really enjoyed your post, thank you for being so honest. It makes for a much more interesting read and good information for people like me who are private pilots aspiring to where you are. And don't listen to anonymous, he sounds like a dbag.

amulbunny said...

What is it with men, maps and directions?
Glad you found your gate. 8-)

amulbunny

ps ignore anonymous, he's just jealous you got the left seat first.

ERJ Driver said...

sam
If you are ever in htown drop me a line....i might be applying at compass soon, and would like to pick your brain.

sean

zb said...

Great post. Sorry if I am pedantic, but from the diagram it looks like the runway you were crossing after landing on 18L was not 18R but 18C.

I konw this is easy to figure out while looking at the chart at home, so no offense, please.

I do appreciate the honest stories appearing in some of these nice aviation blogs every once in a while.

Andrew said...

Hey....if turning the wrong way on the ramp is your biggest mistake so far then I think you're doing pretty well!

Keep up the good work. I am hopefully going to go through the command upgrade proces myself on the Jungle Jet this summer so I am reading your blog with great interest. Thanks for sharing it all...

Andrew.

Steve said...

Can I assume the "Jungle Jet" is the ERJ?
I am not in the business and do not know that term.

Additionally, thanks for this post. I fly privately and when I make a mistake in taxi instructions, it makes me feel better knowing that I am not the only person out there wondering around new airport taxiways.

Windsor said...

MEM can be a mess sometimes. Good thing is that the flow to the runways is pretty simple. Once you've been there a few times, it'll just come natural.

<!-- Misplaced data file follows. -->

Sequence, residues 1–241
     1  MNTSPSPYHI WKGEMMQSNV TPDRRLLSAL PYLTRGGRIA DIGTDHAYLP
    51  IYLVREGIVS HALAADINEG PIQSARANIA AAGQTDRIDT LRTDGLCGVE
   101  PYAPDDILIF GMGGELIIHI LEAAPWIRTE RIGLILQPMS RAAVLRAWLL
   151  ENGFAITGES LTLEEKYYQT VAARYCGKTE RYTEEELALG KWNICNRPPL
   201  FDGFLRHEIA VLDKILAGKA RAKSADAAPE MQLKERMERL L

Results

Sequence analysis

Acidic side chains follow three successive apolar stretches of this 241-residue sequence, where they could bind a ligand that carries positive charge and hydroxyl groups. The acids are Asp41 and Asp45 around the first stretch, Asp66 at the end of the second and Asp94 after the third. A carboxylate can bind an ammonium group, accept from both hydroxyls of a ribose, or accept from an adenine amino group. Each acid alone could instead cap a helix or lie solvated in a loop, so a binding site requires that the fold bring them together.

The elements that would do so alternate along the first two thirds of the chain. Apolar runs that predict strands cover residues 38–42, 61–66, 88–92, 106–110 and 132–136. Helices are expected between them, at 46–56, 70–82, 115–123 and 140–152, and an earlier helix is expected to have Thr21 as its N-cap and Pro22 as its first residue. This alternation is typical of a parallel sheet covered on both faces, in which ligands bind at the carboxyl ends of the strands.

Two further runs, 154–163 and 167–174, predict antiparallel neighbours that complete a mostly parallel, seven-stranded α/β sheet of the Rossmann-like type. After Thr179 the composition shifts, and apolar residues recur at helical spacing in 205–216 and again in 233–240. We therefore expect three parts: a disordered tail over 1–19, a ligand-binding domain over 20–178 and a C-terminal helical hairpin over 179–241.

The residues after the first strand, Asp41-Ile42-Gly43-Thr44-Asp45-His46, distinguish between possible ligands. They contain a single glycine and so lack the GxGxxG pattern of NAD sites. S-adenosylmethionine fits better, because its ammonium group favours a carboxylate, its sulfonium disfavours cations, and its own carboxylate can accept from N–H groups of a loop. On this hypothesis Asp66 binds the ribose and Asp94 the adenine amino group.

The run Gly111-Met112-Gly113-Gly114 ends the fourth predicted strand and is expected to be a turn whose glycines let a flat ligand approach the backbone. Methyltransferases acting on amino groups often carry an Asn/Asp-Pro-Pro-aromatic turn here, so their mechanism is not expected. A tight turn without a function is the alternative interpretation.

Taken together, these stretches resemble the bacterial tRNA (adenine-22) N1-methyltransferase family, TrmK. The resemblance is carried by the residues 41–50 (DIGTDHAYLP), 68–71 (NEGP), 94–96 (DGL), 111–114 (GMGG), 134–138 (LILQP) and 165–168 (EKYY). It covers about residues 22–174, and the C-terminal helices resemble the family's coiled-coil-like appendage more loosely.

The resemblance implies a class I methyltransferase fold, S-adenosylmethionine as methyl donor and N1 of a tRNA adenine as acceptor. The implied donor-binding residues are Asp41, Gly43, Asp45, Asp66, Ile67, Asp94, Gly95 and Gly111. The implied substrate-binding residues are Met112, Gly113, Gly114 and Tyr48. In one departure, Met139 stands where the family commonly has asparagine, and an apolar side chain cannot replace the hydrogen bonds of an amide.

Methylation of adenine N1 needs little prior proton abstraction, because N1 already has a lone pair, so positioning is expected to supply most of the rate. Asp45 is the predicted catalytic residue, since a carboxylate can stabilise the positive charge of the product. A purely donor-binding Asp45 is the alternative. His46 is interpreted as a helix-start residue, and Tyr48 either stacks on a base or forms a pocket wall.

The only good thing to ever come out of MEM airport is CORKY'S!!! Lenny's is a distant second.

Tracy said...

You can be guaranteed that you are not the first to turn the wrong way while taxiing around an airport. You certainly won't be the last. MAYBE you're the most recent, but that's not even guaranteed. You're just the most recent to admit to it in writing!

Hang in there. You made a great recovery and learned in the process. Can't ask for more than that.

Anonymous said...

Sam,

At 1400 hrs your FO should definitely know when to switch frequencies. That said: I'm a new FO, but after a long career in another industry and time spent in the service, be very, very careful with the "rolling eyes" and shaking of the head at the "tender" age of 26. It's hard enough to garner any sort of respect at that age as it is.

Now that we have that out of the way, thanks for the post ;)

Sam said...

Anonymous--

Thank you for the constructive criticism, I think that's what the first anonymous commenter was saying but couldn't resist the cheap shot in the process.

Up until I took the wrong turn, I hadn't been sarcastic or abrasive to the FO over the frequency switch (the head shake was a simple "no" shake, not the slow sad sarcastic "what has aviation come to" head shake). Like I said, up until that one incident he'd done a nice job on the trip, inexperience notwithstanding. The fact that he didn't know something fairly elementary, however, did prime me to be skeptical when he started to point out that we were in the wrong spot. And yeah, maybe the knowledge that he screwed up a few minutes ago made him more hesitant to speak up (even though I did not treat him disrespectfully as the first anonymous suggested).

I thought about it afterwards and realized that I could have handled it better by simply having him switch the frequency back, and then waiting until the debrief at the gate to mention that you should never switch to ground until tower tells you to. That would've left us both focused on the taxi and given me more time to choose my words carefully. Lesson learned for next time.